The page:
Asylum seekers continue to flock to Calais in the hope of reaching Britain because France does so little to help new arrivals find work, retrain or integrate, a group of immigrants has told MPs.
Four refugees, including three Sudanese men who are the subject of our 18-month project, The New Arrivals, spelled out how desperate life is for newcomers in France in a letter to their MP during consultations on France’s new immigration and asylum law.
Ahmed, Ali and Mohamed also met their local MP, Bénédicte Peyrol of President Emmanuel Macron’s ruling party, to set out their frustrations with the “bureaucracy and indolence” of the current system.
“Lots more people will go to Calais because they are hearing stories like ours: it takes too long to get work in France, and so people prefer to leave,” the letter said, according to a copy seen by the Guardian’s partner paper in the project, Le Monde.
“It’s lots of waiting and no rights,” it added. “We don’t have the right to work, there are no French lessons, or only with volunteers. To wait without knowing if one has a future, without knowing if one will be accepted or not, is psychologically very difficult.”
Opponents of immigration in the UK frequently ask why asylum claimants do not settle in the first safe country they come to, but instead go to such extreme lengths to reach Britain. In fact, the UK habitually deals with fewer asylum claims than the likes of France, Germany and Italy.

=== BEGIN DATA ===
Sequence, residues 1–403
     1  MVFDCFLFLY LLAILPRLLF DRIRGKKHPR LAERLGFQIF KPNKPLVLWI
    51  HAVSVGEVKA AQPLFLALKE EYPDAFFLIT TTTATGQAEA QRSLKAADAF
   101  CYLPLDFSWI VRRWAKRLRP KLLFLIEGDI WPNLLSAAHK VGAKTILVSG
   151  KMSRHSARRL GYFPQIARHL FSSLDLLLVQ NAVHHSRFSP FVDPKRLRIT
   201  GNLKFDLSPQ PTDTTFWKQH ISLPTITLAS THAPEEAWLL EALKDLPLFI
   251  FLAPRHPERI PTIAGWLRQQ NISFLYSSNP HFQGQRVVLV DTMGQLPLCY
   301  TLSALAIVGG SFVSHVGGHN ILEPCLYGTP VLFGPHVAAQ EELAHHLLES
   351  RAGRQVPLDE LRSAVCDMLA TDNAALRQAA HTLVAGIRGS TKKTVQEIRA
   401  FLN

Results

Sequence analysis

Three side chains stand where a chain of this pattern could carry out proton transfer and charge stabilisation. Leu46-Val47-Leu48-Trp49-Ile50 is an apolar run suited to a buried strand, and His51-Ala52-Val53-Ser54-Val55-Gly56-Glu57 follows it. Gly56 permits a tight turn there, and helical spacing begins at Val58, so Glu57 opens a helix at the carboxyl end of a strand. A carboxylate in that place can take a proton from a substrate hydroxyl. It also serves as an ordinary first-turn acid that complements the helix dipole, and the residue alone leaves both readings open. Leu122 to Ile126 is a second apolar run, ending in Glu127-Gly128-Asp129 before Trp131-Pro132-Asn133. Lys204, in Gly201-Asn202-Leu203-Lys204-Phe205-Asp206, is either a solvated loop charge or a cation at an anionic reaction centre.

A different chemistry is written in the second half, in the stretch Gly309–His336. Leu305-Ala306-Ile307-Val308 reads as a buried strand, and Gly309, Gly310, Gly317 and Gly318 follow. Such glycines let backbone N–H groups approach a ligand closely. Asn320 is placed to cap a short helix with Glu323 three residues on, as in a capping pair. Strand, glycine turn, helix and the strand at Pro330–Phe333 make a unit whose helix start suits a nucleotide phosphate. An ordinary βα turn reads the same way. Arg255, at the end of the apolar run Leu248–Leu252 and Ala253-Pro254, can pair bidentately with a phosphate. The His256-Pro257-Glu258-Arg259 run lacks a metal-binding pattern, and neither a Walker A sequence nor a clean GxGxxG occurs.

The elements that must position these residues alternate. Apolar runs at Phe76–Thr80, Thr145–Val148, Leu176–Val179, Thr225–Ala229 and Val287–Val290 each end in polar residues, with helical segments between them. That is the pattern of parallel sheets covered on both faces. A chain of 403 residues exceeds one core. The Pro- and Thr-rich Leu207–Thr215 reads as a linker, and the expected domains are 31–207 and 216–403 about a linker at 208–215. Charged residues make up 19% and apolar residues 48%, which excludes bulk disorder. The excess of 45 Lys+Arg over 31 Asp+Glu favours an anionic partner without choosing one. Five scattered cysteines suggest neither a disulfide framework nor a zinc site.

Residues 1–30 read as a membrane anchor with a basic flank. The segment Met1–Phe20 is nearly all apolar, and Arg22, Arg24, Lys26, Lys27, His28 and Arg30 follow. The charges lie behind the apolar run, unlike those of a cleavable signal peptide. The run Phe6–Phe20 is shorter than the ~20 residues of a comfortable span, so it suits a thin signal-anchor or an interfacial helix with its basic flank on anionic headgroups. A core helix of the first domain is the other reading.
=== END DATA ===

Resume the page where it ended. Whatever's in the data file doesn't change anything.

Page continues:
Nonethless, the tendency of migrants to head north to Calais in a bid to enter Britain has persisted for more than a decade. The notorious “Jungle” camp in Calais, once home to about 10,000 people hoping to make it to Britain, was demolished in 2016, but hundreds of migrants remain in the port city seeking to stow away on trucks bound for England.
The Sudanese men, who fled the country in 2015 and were granted refugee status in Varennes-sur-Allier last year, said they were grateful to France for giving them protection. But they added that the system was often impossible to negotiate.
“You have to validate things on an employment office personal page – and some people don’t even have computers,” they wrote in the letter. “It’s unfair how training courses are assigned. Some people get four or five French courses in a year, others get none.
“But the biggest problem is that it’s difficult to get work. We want to work. Some of us have been in France for three years and still have nothing.”